Along the way, you can make a diversion to visit Ludham, a quaint village known for its charming thatched houses, tea rooms, and the magnificent 14th St. Catherine’s Church. The village served as a film location for the 1954 movie Conflict of Wings.
The highlight of the walk is St. Benet’s Abbey, the only monastery that remained open when King Henry VIII dissolved the other monasteries across England. There is no charge to visit St. Benet’s Abbey is free, and you can find more information about it here.
The gatehouse ruins are unique, with a mill built on them in the 1720s, and visitors can also walk to the modern wooden cross that marks the site of the altar. Although the last monks left in 1545, religious services are still held here on the first Sunday of August every year, making it a special place to visit.
After visiting St. Benet’s Abbey, the return journey to How Hill mostly follows the rivers, but visitors can also take a detour and stop at The Dog at Ludham Bridge for a bite to eat and a pint.
Three Rivers Way
The Three Rivers Way is an exciting project that aims to create a 9-mile route connecting four picturesque riverside villages – Hoveton, Horning, Ludham and Potter Heigham – situated on the Bure, the Ant and the Thurne rivers in the Northern Broads.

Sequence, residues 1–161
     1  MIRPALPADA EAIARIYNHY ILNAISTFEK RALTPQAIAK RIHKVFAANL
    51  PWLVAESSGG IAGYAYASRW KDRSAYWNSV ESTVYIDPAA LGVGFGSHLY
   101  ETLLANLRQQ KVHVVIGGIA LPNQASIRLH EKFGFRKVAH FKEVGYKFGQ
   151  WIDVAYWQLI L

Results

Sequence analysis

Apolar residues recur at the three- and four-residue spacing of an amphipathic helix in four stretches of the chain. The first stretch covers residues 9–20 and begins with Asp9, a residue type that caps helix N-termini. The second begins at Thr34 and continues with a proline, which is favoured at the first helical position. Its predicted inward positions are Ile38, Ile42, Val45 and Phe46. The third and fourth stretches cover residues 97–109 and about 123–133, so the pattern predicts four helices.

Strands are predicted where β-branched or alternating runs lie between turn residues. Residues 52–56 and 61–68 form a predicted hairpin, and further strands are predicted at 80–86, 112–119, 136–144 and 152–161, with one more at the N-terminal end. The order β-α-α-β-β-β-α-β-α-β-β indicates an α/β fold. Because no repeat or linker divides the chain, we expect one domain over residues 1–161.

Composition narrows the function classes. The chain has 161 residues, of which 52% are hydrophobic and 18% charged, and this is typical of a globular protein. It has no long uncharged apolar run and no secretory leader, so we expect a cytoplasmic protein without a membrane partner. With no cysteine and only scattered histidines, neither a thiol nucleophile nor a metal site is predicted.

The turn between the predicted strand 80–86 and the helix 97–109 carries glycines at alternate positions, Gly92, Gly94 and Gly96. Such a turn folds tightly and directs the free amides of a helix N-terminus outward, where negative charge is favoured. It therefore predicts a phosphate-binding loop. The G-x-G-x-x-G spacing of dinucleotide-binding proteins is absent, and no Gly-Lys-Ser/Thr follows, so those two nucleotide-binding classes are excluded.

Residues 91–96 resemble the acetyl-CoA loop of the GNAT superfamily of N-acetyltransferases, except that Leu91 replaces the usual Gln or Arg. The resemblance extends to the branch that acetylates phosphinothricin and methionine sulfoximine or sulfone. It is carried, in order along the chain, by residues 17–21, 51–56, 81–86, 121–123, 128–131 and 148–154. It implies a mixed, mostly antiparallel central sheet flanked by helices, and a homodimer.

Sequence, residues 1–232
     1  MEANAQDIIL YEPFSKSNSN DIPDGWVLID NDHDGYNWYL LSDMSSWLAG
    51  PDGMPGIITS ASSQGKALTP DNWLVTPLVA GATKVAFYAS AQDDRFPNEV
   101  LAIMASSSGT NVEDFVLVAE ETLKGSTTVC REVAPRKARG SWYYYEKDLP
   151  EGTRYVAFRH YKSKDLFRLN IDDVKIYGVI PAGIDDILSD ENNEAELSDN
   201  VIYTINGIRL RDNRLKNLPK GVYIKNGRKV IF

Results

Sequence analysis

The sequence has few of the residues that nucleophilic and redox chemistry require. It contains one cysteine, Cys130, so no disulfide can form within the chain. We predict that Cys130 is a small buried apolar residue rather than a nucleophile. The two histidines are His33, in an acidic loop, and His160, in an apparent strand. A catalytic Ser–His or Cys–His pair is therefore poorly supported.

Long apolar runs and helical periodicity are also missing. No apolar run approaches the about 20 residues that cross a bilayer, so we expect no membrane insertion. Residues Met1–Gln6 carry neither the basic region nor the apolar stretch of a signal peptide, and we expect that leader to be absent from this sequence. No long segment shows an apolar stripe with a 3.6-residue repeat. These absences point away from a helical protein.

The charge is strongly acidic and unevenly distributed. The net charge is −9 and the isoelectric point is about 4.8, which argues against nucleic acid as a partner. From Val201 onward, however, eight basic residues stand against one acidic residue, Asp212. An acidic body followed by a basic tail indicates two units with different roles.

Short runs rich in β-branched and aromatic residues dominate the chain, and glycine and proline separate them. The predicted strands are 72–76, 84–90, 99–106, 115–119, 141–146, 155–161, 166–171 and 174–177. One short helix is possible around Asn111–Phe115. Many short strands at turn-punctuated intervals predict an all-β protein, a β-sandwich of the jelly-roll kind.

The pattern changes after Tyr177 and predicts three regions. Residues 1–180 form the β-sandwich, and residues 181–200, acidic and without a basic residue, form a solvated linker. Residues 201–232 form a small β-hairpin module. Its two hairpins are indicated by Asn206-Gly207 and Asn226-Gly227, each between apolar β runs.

Currently, only the first section of the route from Hoveton to Horning is complete, covering a distance of 2 ½ miles that can be easily completed in a little over an hour. You can choose to start your walk from either Hoveton or Horning, both of which offer great facilities including bike hire, cafes, shops, pubs, and more.
This stretch of the trail offers breathtaking views of the surrounding countryside, with ancient hedgerows and easy access to the River Bure at each end. Along the way, you can explore historic churches, BeWILDerwood, the RAF Radar Museum, and many other local attractions.